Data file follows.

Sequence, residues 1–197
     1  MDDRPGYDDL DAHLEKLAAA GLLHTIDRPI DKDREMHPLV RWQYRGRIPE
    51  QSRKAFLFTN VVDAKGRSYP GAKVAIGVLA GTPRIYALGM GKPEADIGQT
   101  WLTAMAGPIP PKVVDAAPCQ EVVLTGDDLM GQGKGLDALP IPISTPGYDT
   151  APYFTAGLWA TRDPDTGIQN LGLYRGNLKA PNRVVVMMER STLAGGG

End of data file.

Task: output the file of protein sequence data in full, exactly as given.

Sequence, residues 1–197
     1  MDDRPGYDDL DAHLEKLAAA GLLHTIDRPI DKDREMHPLV RWQYRGRIPE
    51  QSRKAFLFTN VVDAKGRSYP GAKVAIGVLA GTPRIYALGM GKPEADIGQT
   101  WLTAMAGPIP PKVVDAAPCQ EVVLTGDDLM GQGKGLDALP IPISTPGYDT
   151  APYFTAGLWA TRDPDTGIQN LGLYRGNLKA PNRVVVMMER STLAGGG